Negotiations are integral to any M&A transaction or business dealing. With both buyers and sellers striving for their own desired outcomes with minimal risk or loss, it can be daunting to ensure you’re being represented fairly and your goals are being fought for adequately. Having these three elements in place before you come to – and while you are at – the table can help make the negotiation more successful and create wins for both sides.
1. Expectations. Whether you’re the buyer or the seller, always be up front about your goals in a transaction as they relate to valuation, major concerns, business philosophies, post-integration, and strategy. If you’re the buyer and a publicly traded entity and the top priorities are sales and earnings growth, then don’t hide that fact. Otherwise, the seller will get confused and frustrated with certain business philosophies and/or practices post-deal. If you’re a seller and looking to exit the business one to three years down the road, then let the buyer know that up front. Then both of you can work to identify a successor going forward.
The key: Eliminate surprises and keep expectations in check or things can get out of hand quickly. A good advisor can address some of these things in a term sheet that highlights the seller or buyer’s “hot buttons.”
2. Don’t change the deal. Unless it is explicitly in writing (as in a term sheet) and is deemed to be a material change to the economics for either party, then leave things as they are or either party can walk away for philosophical reasons without causing bad feelings. Some people subscribe to the philosophy of “I can throw something out there and see if it sticks.” They think that if the other party accepts, then ok. If not, they can put the original deal back on the table and all should be good. On the buy side, some of the best deals I have done were the ones I walked from because the seller tried to materially change the terms/economics at the 11th hour.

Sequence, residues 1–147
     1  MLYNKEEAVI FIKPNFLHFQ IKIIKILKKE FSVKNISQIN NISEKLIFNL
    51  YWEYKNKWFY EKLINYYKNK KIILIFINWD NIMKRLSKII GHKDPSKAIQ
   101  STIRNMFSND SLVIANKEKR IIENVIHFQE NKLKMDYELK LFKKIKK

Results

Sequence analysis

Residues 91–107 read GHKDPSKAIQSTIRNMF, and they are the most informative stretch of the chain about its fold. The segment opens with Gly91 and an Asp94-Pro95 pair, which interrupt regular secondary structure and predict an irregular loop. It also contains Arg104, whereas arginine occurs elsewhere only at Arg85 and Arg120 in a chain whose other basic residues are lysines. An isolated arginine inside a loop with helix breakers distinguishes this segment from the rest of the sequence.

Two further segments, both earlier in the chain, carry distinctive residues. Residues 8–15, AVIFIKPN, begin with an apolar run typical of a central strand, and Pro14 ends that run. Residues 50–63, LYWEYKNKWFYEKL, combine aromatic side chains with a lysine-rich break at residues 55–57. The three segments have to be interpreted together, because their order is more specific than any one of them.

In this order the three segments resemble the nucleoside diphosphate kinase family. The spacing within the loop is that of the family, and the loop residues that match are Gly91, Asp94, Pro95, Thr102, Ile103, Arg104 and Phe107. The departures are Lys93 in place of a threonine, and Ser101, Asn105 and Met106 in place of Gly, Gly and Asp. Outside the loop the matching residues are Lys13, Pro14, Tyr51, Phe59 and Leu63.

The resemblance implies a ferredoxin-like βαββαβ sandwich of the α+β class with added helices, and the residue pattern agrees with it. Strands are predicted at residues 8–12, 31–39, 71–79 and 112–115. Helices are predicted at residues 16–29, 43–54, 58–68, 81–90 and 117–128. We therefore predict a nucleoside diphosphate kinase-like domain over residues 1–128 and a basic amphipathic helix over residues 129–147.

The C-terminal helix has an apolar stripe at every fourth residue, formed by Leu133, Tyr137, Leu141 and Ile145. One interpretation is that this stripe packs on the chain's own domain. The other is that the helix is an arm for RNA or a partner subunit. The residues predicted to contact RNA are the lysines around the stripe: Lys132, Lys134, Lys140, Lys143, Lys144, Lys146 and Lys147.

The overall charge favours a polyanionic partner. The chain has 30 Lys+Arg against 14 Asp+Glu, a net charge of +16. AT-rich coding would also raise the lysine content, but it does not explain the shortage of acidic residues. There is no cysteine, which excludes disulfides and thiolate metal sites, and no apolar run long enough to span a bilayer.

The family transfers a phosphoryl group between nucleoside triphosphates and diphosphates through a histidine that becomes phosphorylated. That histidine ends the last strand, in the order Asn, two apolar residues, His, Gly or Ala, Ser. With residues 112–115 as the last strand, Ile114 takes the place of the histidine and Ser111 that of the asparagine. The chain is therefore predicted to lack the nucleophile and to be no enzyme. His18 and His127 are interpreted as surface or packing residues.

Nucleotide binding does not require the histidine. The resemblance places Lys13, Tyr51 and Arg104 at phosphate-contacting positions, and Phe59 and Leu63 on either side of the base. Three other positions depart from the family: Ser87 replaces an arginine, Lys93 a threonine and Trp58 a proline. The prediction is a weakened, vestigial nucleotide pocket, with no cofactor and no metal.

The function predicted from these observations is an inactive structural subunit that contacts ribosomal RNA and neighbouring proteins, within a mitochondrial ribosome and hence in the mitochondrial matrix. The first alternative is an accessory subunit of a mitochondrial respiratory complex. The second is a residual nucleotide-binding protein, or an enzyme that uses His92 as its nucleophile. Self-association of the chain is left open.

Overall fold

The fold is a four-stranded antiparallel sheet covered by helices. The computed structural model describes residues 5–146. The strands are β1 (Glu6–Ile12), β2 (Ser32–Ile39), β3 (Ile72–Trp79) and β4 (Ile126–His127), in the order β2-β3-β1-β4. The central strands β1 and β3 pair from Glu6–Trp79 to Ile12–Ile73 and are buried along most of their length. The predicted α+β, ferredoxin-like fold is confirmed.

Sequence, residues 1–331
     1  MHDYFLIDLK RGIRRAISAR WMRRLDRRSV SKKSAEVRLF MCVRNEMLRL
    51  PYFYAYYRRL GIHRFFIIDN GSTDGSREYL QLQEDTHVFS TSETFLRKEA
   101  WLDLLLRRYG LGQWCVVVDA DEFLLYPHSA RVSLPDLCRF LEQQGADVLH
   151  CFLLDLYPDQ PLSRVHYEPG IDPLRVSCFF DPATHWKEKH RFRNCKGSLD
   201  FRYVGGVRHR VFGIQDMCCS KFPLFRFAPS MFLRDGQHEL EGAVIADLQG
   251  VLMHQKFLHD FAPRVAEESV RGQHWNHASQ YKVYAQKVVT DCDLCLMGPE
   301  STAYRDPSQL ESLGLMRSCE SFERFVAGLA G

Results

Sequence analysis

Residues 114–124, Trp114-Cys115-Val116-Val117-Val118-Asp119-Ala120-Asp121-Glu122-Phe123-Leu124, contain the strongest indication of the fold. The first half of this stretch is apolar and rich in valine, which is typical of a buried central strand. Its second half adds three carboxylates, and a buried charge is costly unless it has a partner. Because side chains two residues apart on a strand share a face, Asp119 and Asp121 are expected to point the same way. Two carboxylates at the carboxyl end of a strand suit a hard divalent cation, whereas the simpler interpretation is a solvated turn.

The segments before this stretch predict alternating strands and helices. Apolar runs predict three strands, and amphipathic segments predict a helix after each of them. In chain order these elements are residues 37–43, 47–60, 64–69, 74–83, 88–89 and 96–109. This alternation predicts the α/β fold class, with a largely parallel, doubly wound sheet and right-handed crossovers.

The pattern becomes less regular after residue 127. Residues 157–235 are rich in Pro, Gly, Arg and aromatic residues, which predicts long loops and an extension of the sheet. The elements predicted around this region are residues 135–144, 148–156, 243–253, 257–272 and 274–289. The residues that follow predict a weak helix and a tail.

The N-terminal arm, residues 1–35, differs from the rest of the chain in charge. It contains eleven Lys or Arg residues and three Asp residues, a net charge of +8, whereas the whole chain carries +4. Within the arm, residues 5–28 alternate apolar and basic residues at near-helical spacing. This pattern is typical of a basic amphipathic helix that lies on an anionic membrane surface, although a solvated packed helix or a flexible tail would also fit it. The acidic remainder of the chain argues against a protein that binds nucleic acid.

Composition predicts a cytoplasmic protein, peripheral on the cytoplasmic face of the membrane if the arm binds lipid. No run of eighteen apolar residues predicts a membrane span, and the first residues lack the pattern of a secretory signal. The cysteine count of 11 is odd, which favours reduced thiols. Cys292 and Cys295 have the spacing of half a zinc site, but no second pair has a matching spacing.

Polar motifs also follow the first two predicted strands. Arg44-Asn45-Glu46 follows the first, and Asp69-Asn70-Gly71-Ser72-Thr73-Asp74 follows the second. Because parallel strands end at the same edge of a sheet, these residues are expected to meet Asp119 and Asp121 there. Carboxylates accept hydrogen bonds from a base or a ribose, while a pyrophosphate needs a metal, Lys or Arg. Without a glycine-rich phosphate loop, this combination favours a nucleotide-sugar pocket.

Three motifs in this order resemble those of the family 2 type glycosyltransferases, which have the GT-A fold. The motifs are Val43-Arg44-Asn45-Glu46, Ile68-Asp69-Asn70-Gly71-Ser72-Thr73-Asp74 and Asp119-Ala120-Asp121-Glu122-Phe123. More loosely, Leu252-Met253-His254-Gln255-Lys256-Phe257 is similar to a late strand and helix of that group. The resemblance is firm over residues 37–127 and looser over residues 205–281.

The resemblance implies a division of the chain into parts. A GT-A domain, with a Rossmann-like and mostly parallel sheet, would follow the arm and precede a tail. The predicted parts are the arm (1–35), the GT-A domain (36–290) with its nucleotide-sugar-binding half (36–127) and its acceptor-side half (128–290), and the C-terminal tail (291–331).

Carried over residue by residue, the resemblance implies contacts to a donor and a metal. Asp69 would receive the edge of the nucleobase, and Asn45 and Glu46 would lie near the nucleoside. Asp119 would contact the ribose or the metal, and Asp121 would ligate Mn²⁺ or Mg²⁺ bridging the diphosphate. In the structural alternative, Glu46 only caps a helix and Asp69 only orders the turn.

A good advisor will earn their keep by reminding both parties of the original deal and the spirit and original intent of the deal. Also, it is important that your accountants and lawyers stick to the deal as well.
3. Everybody knows his or her role. This includes management (non-owners) and accountants and lawyers on both sides. Lawyers and accountants are a necessary part of a transaction. However, they are rarely brought to the table to “negotiate” a transaction. They need to know from their client what their focus should be. For the accountants of the buyer, it could be verifying the seller’s balance sheet focusing on major items such as inventory valuation and collectability of receivables. For the seller, it could be the tax consequences of the deal structure (e.g., asset versus stock purchase). For buyer’s lawyers, it could be lien searches, the bill of sale, and adequate representations and warranties of the seller. For the seller, it could be the bill of sale, corporate minutes, non-competition clauses, representation and warranties and the indemnification.
Remember, the buyer and seller know their business better than anyone else, so setting expectations up front is key for their legal and accounting teams. Plus, these teams get paid whether a transaction gets completed or not, so you don’t want them in a lead role if at all possible. A good advisor can help with these expectations and save either party thousands of dollars in professional fees (or more) in a deal.
If you have potential M&A negotiations in the works, an advisor can help ensure these elements are in place and you are positioned to achieve the best possible scenario while keeping the other parties interests in mind as well. With experienced guidance, wins can be achieved on both sides of the table.
Steve Pomeroy is the founder of Big Change Advisors, a unique M&A consulting firm in Los Angeles that helps businesses achieve big goals while making a big impact on society. To request a free consultation, contact us.